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“Someone’s sitting in the shade today because someone planted a tree a long time ago.”

— Warren Buffett

The Warren Buffett investment philosophy calls for a long-term investment horizon, where a twenty year holding period, or even longer, would fit right into the strategy. How would such a strategy have worked out for an investment into General Electric Co (NYSE: GE)? Today, we examine the outcome of a twenty year investment into the stock back in 2002.

Start date: 02/19/2002


End date: 02/17/2022
Start price/share: $280.00
End price/share: $98.46
Starting shares: 35.71
Ending shares: 62.81
Dividends reinvested/share: $106.88
Total return: -38.16%
Average annual return: -2.37%
Starting investment: $10,000.00
Ending investment: $6,188.43

The above analysis shows the twenty year investment result worked out poorly, with an annualized rate of return of -2.37%. This would have turned a $10K investment made 20 years ago into $6,188.43 today (as of 02/17/2022). On a total return basis, that’s a result of -38.16% (something to think about: how might GE shares perform over the next 20 years?). [These numbers were computed with the Dividend Channel DRIP Returns Calculator.]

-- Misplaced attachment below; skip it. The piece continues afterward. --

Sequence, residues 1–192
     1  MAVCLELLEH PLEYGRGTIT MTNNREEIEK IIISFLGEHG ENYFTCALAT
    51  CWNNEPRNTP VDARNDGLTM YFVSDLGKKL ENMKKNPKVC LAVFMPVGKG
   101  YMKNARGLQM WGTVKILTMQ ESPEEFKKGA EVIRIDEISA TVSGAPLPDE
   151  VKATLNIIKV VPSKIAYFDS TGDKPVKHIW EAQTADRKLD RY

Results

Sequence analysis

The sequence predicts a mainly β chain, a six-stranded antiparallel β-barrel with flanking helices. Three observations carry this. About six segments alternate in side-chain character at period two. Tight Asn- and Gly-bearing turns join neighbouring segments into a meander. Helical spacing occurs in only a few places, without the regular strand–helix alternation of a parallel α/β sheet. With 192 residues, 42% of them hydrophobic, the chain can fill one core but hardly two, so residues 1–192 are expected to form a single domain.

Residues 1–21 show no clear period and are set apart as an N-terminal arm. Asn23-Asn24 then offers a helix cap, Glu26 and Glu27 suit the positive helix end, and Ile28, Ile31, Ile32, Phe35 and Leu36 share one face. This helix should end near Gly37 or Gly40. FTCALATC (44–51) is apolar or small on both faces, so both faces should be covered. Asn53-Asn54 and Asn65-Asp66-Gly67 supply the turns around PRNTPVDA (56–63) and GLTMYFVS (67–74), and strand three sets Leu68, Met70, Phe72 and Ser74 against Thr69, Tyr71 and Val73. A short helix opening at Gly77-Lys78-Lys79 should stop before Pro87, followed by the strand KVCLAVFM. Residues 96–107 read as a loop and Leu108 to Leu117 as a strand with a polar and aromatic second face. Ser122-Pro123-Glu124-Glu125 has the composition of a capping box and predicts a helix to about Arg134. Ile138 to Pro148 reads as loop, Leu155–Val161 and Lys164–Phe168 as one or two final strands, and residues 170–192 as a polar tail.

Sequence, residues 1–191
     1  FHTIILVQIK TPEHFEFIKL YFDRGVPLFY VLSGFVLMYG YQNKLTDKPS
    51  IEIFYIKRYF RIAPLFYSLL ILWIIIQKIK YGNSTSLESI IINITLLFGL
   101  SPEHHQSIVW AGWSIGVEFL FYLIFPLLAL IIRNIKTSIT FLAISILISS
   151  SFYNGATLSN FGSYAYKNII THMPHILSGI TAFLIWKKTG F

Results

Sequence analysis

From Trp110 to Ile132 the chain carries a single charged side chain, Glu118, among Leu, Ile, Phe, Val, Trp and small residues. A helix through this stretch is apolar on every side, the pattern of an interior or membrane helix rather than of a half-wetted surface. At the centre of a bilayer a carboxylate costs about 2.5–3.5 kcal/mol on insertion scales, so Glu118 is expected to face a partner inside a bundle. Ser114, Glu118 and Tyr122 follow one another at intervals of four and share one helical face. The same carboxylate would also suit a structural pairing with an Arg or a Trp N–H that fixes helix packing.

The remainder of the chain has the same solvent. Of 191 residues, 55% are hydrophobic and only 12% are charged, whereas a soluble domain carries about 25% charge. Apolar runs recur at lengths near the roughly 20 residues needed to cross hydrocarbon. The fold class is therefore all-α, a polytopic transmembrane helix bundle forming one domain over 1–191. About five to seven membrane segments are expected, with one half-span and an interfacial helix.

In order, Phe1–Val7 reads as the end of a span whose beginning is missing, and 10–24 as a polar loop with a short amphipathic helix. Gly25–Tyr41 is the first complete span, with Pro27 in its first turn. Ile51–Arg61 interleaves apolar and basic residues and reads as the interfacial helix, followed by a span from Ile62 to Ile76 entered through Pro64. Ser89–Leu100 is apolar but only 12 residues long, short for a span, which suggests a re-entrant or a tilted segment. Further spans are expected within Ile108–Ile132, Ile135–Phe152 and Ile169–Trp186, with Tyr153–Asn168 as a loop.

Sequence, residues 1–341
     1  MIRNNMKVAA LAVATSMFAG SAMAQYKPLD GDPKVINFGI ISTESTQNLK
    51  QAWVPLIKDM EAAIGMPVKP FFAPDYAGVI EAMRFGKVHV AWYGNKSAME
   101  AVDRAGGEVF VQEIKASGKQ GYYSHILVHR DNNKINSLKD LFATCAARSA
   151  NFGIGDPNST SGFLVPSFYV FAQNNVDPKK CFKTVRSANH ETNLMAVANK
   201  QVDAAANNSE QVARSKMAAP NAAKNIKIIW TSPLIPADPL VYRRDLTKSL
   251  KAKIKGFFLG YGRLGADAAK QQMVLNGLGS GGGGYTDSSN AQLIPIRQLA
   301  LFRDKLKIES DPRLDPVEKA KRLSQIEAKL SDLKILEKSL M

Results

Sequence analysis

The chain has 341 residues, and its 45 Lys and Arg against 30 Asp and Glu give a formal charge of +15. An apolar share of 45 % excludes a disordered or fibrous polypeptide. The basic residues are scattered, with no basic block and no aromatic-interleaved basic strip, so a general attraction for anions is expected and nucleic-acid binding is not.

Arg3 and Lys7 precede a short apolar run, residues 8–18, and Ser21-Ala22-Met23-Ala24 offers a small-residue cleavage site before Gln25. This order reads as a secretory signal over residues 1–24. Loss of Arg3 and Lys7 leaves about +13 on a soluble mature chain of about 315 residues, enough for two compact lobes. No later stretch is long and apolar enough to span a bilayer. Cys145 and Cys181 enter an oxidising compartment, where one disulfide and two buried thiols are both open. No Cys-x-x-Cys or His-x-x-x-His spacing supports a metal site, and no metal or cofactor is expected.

Notice that General Electric Co paid investors a total of $106.88/share in dividends over the 20 holding period, marking a second component of the total return beyond share price change alone. Much like watering a tree, reinvesting dividends can help an investment to grow over time — for the above calculations we assume dividend reinvestment (and for this exercise the closing price on ex-date is used for the reinvestment of a given dividend).

Based upon the most recent annualized dividend rate of .32/share, we calculate that GE has a current yield of approximately 0.33%. Another interesting datapoint we can examine is ‘yield on cost’ — in other words, we can express the current annualized dividend of .32 against the original $280.00/share purchase price. This works out to a yield on cost of 0.12%.

Another great investment quote to think about:
“How many millionaires do you know who have become wealthy by investing in savings accounts? I rest my case.” — Robert Allen